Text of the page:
Hamer Hall by ARM Architecture
Heritage Architecture: Lachlan Macquarie Award
Australian Institute of Architects
This is an outstanding heritage response to an important civic and heritage place of enormous architectural, social and cultural significance. Highly nuanced, subtle and sophisticated, this intervention at Hamer Hall challenges the simple binary setting of new against old to provide a more layered and complex mix, which nonetheless enables a new appreciation and delight in the original Roy Grounds building and John Truscott interior. The sophistication of the design proposition and its execution has allowed an approach which restores and celebrates the works of both Grounds and Truscott, that adding a third voice that challenges and plays with its predecessors, with wit, humour, joy and exuberance. In doing so, it has brought the works of those two most significant designers together, magnificently.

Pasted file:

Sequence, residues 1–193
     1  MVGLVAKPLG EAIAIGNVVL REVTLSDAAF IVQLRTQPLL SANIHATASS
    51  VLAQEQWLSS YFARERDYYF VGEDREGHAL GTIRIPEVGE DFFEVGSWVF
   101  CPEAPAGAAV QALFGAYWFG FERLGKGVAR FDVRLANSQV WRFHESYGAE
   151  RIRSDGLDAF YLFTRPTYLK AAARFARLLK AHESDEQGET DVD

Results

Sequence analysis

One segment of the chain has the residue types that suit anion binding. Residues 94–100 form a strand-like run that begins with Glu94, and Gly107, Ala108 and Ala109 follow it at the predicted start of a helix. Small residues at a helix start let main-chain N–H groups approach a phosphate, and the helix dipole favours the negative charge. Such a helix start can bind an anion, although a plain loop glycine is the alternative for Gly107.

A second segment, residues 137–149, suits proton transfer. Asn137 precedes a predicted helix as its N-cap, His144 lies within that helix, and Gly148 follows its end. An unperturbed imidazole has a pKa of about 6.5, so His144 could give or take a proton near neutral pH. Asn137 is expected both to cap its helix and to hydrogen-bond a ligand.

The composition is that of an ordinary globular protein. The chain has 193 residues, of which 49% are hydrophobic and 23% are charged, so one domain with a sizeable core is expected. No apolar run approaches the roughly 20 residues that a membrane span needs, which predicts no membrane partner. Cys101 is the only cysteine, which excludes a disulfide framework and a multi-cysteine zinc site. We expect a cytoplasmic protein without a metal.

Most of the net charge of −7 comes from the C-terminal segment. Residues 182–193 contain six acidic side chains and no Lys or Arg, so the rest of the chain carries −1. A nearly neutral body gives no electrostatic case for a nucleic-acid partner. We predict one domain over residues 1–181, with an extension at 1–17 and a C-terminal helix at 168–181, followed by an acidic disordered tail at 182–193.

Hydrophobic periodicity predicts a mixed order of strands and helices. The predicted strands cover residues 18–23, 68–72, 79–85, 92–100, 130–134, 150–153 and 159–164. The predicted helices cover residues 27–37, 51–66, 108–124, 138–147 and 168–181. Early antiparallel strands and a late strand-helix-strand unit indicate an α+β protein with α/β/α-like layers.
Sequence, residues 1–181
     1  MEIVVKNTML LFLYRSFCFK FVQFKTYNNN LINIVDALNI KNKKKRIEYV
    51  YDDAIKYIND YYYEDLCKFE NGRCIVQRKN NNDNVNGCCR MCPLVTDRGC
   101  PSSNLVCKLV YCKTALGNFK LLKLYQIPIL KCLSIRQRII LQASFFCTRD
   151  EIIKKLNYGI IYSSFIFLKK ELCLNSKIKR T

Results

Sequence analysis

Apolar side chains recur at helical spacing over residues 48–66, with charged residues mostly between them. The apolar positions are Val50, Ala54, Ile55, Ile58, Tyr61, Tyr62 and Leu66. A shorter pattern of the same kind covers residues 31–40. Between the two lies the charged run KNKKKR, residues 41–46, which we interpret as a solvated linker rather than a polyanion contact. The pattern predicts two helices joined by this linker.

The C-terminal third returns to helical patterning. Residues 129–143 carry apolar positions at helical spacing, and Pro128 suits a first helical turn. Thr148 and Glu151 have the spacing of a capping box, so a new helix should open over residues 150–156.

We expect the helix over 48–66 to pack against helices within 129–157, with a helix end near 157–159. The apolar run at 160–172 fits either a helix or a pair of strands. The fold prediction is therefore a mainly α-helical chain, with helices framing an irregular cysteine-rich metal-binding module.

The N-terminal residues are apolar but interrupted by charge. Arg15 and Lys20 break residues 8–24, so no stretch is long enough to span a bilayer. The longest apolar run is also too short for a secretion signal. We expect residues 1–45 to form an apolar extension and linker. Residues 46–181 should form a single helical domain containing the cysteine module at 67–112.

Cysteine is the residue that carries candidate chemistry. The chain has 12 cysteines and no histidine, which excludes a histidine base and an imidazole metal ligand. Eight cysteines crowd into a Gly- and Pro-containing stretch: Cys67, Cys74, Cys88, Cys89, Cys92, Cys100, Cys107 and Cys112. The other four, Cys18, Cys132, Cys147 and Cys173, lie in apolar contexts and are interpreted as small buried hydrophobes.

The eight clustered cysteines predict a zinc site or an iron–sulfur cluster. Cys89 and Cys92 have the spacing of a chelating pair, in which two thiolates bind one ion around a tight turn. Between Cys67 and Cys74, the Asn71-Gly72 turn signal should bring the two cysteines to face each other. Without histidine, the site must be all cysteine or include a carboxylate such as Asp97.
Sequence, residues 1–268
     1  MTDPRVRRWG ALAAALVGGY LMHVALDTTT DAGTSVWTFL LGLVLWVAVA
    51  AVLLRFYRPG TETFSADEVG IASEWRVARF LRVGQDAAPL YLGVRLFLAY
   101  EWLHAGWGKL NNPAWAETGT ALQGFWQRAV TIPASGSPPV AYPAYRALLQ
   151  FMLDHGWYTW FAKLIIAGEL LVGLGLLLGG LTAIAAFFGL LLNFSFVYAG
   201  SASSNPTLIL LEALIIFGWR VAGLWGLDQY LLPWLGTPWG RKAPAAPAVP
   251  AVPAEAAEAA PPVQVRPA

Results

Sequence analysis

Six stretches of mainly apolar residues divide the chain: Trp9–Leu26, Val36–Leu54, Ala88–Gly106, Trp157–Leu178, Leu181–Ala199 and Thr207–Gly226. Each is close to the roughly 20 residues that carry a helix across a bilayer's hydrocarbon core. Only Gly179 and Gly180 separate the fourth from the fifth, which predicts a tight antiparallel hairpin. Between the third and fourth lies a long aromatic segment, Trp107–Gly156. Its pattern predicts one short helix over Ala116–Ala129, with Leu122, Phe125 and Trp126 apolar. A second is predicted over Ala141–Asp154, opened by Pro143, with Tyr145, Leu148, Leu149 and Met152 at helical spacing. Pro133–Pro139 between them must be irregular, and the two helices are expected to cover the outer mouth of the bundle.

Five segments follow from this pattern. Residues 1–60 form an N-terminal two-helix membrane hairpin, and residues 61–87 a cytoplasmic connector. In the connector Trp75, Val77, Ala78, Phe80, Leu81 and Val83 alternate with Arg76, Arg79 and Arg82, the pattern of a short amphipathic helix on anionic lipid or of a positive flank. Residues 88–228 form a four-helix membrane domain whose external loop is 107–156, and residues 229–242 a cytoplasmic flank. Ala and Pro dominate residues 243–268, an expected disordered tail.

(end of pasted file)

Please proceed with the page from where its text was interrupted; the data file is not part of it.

A shift of mindset from dogmatic manifesto to plurality has enabled the poles of modernist honesty and interior fantasy to be united. With intelligence and sensitivity, the architect has forged a whole out of two warring parts in a virtuoso improvisation on a mash-up of contrasting themes.
In solving longstanding functionality issues the design dramatically improves the way the building works and feels. Vast improvements have been made to Hamer Hall itself, bringing backstage operations, seating, acoustics and view lines up to date, while keeping the aesthetic shifts in this inner sanctum at their most subtle. The end result succeeds beautifully, bringing a compromised but inspired original to a fully realized, integrated and delightfully vibrant contemporary outcome.
The building’s form on the edge of the river makes reference to the mass of the drum of Grounds’ Hamer Hall. But where the latter is hermetic and pure, the former is dynamic, linear and broken, sinuously lifting and wrapping around the base, forming a plinth in keeping with the drum, while also clearly offering a more obvious dualism between old and new. The twisting mass of the new river’s edge responds to the need for a more permeable skirt to create an active and connected urban frontage, in contrast to the containment required by the hall itself.
The new Hamer Hall celebrates and enriches an important heritage place with masterful intelligence and sensitivity.
Read the project review by Conrad Hamann for Architecture Australia.